Measure H ties rent hikes to a fraction of inflation and creates an independent board

The rent control measure is a first for Pasadena, an expensive city that in recent years has often been at the forefront of the region’s wider tensions over housing affordability and an even broader clash between state and local control over development decisions. Earlier this year, Mayor Victor Gordo was involved in a protracted dispute with the California attorney general related to the city’s response to the state housing law SB 9; after months of legal threats and tense discourse, the state authority ultimately recognized the city’s right to declare certain exemptions to the controversial law.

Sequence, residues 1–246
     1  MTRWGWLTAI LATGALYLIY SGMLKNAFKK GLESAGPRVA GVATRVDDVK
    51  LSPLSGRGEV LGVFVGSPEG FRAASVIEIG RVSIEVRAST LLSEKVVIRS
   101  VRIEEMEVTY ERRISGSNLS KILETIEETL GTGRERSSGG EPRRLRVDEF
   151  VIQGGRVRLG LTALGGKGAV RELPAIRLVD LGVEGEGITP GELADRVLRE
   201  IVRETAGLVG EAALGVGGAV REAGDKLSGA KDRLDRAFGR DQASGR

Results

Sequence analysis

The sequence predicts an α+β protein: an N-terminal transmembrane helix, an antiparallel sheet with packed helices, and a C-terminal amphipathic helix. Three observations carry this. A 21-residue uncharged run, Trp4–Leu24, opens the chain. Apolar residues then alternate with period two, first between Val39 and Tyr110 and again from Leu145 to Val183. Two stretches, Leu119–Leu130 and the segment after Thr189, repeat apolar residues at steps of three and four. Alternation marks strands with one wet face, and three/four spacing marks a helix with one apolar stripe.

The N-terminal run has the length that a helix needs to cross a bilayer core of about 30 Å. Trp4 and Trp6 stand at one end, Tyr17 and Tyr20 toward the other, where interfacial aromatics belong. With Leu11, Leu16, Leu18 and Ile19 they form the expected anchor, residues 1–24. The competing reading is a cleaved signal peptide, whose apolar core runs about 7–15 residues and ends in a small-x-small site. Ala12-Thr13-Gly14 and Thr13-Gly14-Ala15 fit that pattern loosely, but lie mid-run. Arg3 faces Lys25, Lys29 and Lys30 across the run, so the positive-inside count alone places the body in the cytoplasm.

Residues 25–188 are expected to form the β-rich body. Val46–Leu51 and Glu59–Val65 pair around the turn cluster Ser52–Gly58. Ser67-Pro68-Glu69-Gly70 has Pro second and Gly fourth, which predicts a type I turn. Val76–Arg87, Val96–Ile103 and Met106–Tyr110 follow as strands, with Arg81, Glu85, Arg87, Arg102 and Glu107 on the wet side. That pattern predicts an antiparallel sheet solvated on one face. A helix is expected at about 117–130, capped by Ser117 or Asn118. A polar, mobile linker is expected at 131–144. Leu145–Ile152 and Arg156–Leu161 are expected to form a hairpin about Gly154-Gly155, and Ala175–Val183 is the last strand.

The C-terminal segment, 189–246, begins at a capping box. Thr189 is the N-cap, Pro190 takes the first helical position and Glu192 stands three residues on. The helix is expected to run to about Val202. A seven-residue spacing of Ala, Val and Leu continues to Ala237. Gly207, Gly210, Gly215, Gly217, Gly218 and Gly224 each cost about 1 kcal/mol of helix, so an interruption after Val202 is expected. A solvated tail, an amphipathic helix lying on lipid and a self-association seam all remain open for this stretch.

The measure, which takes the form of a new city charter amendment, is likely to apply in full to about 25,000 apartment units in the city, representing a major disruption to its rental landscape.

The measure creates a new independent rental board to oversee the program and a registry to keep track of rent-controlled apartments. For qualifying properties, it will restrict annual rent increases to three quarters of the inflation rate and implement just cause eviction protections and relocation assistance mandates.

The legislative effort was financially backed by the AIDS Healthcare Foundation and labor groups and also championed by a wide umbrella of housing and progressive groups, including the ACLU, L.A. County Democratic Party, Abundant Housing LA and the Pasadena Tenants Union.